From “And Jesus Wept,” by Pastor K. David Oldfield
A Perfect Ten
I must assume that most of us have never been criminals, so we can’t speak with authority in this area, but it’s reasonable to assume that even thieves want to be the very best that they can be. They certainly don’t wish to be failures, and most would like to be a part of “the perfect” crime.
What that perfect crime may be depends entirely on someone’s point of view. To the criminal, it presumably would involve the biggest “take”, the least effort, and perhaps the greatest thrill. So in a sense there never will be the “perfect”, the superlative crime, for there will always be a bigger take, less effort, and greater risks. Inflation will demand it, if nothing more.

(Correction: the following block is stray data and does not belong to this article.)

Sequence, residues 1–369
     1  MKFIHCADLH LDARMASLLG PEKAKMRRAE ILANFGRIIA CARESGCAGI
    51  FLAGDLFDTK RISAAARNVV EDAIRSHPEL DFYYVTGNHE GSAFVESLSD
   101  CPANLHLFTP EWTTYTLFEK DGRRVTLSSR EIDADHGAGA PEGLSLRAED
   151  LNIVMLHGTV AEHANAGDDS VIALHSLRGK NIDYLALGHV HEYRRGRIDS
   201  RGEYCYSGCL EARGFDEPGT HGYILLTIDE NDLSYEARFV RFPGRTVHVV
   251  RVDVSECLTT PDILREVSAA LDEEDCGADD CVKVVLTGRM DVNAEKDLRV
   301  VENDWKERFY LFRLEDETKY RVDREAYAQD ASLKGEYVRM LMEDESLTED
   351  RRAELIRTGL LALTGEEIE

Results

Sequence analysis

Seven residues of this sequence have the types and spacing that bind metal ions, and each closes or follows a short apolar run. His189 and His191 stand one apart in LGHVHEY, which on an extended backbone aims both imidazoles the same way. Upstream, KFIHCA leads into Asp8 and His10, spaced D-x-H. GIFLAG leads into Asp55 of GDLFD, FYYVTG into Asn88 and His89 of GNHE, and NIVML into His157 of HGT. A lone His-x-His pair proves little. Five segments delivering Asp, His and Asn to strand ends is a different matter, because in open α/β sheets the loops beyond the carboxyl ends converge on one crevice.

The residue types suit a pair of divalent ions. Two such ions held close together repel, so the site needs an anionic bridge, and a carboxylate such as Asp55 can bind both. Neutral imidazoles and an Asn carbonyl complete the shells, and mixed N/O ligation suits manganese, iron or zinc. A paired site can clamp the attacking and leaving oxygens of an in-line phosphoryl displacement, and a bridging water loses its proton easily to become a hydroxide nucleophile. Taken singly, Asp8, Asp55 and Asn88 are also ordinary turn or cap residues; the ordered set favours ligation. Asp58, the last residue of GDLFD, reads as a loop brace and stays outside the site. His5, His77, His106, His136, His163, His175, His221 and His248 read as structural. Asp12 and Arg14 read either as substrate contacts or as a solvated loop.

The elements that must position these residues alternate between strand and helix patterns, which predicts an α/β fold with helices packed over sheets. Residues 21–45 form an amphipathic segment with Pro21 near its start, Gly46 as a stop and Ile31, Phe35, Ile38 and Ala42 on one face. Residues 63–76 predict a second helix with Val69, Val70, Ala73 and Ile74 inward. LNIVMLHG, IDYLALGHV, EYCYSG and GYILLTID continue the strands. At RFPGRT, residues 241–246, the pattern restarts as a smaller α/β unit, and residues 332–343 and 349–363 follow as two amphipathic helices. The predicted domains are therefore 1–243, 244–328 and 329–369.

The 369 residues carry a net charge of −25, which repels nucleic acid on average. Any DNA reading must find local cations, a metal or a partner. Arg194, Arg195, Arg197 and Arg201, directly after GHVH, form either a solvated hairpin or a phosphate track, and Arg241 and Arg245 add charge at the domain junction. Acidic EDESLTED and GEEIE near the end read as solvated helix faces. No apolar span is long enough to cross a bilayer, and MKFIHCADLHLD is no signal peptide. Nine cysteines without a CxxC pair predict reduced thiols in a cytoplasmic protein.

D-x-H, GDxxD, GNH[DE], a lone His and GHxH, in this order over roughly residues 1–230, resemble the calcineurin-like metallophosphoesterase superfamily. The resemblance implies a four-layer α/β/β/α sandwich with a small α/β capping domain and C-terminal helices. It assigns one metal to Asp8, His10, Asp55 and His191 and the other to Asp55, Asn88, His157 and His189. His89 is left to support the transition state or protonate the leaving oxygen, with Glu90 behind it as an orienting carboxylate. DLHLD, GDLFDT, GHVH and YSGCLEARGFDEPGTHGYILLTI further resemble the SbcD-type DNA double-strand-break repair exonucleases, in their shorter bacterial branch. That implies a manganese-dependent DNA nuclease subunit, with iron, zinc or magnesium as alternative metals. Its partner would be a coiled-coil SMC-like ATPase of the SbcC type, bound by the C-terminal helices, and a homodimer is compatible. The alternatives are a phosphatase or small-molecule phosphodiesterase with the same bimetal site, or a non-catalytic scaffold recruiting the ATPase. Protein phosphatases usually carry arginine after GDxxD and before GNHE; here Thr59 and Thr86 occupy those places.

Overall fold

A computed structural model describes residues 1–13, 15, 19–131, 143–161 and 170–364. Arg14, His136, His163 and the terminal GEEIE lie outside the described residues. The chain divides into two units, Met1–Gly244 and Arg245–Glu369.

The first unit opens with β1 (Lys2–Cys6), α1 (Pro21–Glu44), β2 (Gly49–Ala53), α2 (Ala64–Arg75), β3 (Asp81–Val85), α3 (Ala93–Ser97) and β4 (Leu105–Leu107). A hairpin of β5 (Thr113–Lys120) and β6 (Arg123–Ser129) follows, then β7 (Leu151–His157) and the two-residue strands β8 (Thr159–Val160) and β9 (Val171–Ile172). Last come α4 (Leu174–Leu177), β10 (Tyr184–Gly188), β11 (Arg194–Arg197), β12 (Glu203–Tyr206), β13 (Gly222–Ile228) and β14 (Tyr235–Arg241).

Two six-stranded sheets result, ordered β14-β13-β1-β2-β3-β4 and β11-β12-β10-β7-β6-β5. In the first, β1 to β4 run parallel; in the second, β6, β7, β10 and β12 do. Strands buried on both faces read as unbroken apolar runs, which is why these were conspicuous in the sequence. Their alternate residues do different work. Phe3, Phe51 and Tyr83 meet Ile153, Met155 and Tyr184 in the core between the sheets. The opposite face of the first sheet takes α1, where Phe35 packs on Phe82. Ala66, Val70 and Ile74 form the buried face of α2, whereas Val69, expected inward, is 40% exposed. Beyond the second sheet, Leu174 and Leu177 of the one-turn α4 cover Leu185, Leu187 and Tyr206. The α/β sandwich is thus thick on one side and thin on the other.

On the other hand, to the victim a “perfect crime” would have to be no crime at all. This must be the mind of the Lord as well.
Like crime, can we debate whether there is such a thing as “perfect pain.” Most people would definitely say it can’t exist; the two terms “perfect” and “pain” are mutually exclusive. Perhaps so, but the “perfection of pain” is a possibility.
“Perfection” in the Bible
The preacher was really on fire that evening, preaching about sin and sanctification. “Have you ever met or heard of a perfect man?” he shouted. There was no response. When he repeated his question, one timid hand was raised, and the preacher demanded an explanation. “Actually,” said a meek, little, middle-aged man, “I’ve never met him, but I’ve often been told of the perfection of my wife’s first husband.”
In the sense of “absolute perfection,” or “sinless perfection,” PERFECT people can only be found in imperfect imaginations. Nevertheless the Bible does teach and demand something called “perfection.”